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devastate

[dev-uh-steyt] /ˈdɛv əˌsteɪt/
verb (used with object), devastated, devastating.
1.
to lay waste; render desolate:
The invaders devastated the city.
Synonyms: destroy, sack, despoil, raze, ruin, level.
Antonyms: create, erect, develop.
2.
to overwhelm.
Origin of devastate
1625-1635
1625-35; < Latin dēvastātus laid waste (past participle of dēvastāre), equivalent to dē- de- + vast(āre) to lay waste (akin to vastus empty) + -ātus -ate1
Related forms
devastative, adjective
devastator, noun
undevastated, adjective
Synonym Study
1. See ravage.
Dictionary.com Unabridged
Based on the Random House Dictionary, © Random House, Inc. 2017.
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Examples from the Web for devastated
Contemporary Examples
Historical Examples
  • We went on with some difficulty, trying to find the road in these devastated plains.

    My Double Life Sarah Bernhardt
  • For property that had been devastated or destroyed a similar maximum of compensation was voted.

    Freeland Theodor Hertzka
  • The country was devastated by fire and to the last degree inhospitable.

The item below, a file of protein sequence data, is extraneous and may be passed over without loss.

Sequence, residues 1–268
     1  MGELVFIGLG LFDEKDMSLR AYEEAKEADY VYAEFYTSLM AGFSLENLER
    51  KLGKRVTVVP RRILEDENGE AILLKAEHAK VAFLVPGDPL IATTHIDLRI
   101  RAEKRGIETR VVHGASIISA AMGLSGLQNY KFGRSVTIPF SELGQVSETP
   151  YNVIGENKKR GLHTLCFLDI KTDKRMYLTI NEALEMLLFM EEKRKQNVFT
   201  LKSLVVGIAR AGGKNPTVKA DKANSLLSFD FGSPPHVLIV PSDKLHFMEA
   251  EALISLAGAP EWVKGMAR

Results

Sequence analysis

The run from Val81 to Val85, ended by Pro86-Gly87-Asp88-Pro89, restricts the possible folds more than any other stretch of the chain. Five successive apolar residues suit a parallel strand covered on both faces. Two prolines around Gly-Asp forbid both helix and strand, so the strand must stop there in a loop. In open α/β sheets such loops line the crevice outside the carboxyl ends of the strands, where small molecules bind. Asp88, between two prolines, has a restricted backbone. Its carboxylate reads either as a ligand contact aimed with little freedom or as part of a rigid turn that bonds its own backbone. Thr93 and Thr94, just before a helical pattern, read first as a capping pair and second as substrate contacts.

The Long Labrador Trail Dillon Wallace
  • I have no child, my house is destroyed, my fields are devastated.

    The Flood Emile Zola
  • What assurance could there be that the precious pearl-bed would not be devastated?

    Adrift on the Pacific Edward S. Ellis
British Dictionary definitions for devastated

devastate

/ˈdɛvəˌsteɪt/
verb (transitive)
1.
to lay waste or make desolate; ravage; destroy
2.
to confound or overwhelm, as with grief or shock
Derived Forms
devastation, noun
devastative, adjective
devastator, noun
Word Origin
C17: from Latin dēvastāre, from de- + vastāre to ravage; related to vastus waste, empty
Collins English Dictionary - Complete & Unabridged 2012 Digital Edition
© William Collins Sons & Co. Ltd. 1979, 1986 © HarperCollins
Publishers 1998, 2000, 2003, 2005, 2006, 2007, 2009, 2012
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Word Origin and History for devastated

devastate

v.

1630s, perhaps a back-formation from devastation. Apparently not common until 19c.; earlier verb form devast is attested from 1530s, from Middle French devaster. Related: devastated; devastating.

Online Etymology Dictionary, © 2010 Douglas Harper
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15
16
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